Q&A: Techstars Kansas City’s Lesa Mitchell on the first cohort, Midwest challenges

Via Techstars

Lesa Mitchell has worked with entrepreneurs across the country and around the world, but she brought a Midwestern focus to her talk when she kicked off the new entrepreneurial speaker series for Columbia’s Regional Economic Development Inc.

Mitchell, the managing director of Techstars Kansas City, spoke at the June 15 event about entrepreneurship in the Midwest, emphasizing the importance of nurturing tech talent and engaging the community.

“The No. 1 problem that we have in the middle of the country is talent,” Mitchell said.

There are more tech job openings than qualified candidates to fill them in the Midwest, Mitchell said. She encouraged people to use online courses and other educational programs to equip themselves with technology skills.

She also emphasized the important role that community plays in helping entrepreneurs.

“You can create an entrepreneurship community if you can create a continuous learning community,” she said.

Missouri Business Alert spoke to Mitchell about Techstars Kansas City’s upcoming cohort and challenges Kansas City entrepreneurs face.

The interview has been edited for length and clarity.

Missouri Business Alert: As your first cohort is coming in July, what qualities does Techstars look for in the selection process?

Lesa Mitchell: At Techstars we’re a global network providing entrepreneurs an ecosystem and investment to scale their companies. Specifically in Kansas City, the Techstars programs from where we’re investing, we’re looking for companies that either could potentially have customers around the ecosystem that we live in, or where there is expertise within the ecosystem that could help them. I was really interested and expressed a lot of interest in either agtech companies, of which I don’t have any; or companies that are selling into the construction or design-and-build industry, of which I have a massive ecosystem in Kansas City; or any kind of unique hardware or software companies that are blazing a new path that nobody has blazed before.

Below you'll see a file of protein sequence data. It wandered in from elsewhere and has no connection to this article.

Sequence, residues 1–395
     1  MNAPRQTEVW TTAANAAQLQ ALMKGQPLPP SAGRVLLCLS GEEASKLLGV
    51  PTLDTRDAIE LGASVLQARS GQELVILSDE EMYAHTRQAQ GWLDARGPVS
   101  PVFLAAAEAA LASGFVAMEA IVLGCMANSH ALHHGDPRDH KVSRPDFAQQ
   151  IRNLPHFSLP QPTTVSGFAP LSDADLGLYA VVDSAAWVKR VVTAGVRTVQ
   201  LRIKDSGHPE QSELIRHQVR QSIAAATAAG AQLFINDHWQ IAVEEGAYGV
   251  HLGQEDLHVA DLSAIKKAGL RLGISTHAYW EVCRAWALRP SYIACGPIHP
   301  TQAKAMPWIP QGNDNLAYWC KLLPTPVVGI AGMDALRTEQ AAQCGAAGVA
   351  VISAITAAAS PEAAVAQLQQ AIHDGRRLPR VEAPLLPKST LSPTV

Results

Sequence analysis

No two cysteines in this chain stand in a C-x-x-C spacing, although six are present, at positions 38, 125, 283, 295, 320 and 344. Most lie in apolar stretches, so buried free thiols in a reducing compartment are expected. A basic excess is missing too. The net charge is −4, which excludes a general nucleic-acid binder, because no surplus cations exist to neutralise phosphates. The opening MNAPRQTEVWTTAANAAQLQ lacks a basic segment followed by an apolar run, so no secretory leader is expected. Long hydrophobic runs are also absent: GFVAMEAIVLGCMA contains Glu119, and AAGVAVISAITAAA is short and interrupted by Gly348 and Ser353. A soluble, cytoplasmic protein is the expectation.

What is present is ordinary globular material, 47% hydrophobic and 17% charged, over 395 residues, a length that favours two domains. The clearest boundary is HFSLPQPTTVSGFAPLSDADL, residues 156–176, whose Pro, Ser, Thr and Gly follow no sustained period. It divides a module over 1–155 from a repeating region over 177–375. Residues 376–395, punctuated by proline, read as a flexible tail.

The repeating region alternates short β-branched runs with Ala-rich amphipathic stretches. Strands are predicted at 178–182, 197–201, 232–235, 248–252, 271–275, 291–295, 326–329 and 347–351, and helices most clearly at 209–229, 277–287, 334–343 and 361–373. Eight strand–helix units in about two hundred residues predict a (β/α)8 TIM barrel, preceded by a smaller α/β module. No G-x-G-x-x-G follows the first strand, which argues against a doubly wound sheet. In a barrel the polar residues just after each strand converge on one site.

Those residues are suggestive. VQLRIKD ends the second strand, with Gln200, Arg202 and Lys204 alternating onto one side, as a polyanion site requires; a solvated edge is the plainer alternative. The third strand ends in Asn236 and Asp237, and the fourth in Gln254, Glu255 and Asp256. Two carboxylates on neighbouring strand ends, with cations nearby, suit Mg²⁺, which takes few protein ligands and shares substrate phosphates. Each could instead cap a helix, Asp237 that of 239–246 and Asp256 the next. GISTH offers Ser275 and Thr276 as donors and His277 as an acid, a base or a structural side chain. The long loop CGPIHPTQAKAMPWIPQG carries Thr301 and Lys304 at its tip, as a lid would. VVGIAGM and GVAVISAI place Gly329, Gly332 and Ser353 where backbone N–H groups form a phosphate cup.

Our first class in Kansas City is going to be comprised of 10 companies, who are all, except for one, very hardcore technology companies, and one consumer company that is less technology-based. Our goal is to look for a portfolio: Some that are really early, some that are not quite so early. I’m blessed with a cohort that has some entrepreneurs that this is not their first company and some entrepreneurs that are really early stage. We have everything.

MBA: What does Techstars provide for entrepreneurs beyond financial support?

LM: Techstars is an organization that has been around since 2007, and it’s an organization that was started by engineers. And I say that because you can tell in everything that we do that we’re an engineering-led organization. We collect data on absolutely every company that we have ever invested in, which is over 1,000 companies now, that raised over $3 billion. Every year, we relook at our curriculum. Which, we don’t really have curriculum; we have workshops that are taught by highly experienced industry people on topics like negotiation, scaling, product development pathway, fundraising, governance of your company, building culture within your company. Most importantly, every single of our programs are mentor-led, meaning currently I have 75 mentors that are part of the Techstars Kansas City program. Those are individuals that have a completely broad range of experience. Some are from the Midwest, some are flying in from San Francisco, Boston, New York or Austin. A lot of what happens through our process is we identify a core base of mentors for every program. But after I select my companies, I am looking for mentors that will specifically be geared towards supporting the companies that I have in that cohort and we’re investing in.

MBA: Why did you decide to join Techstars? What attracted you to the program?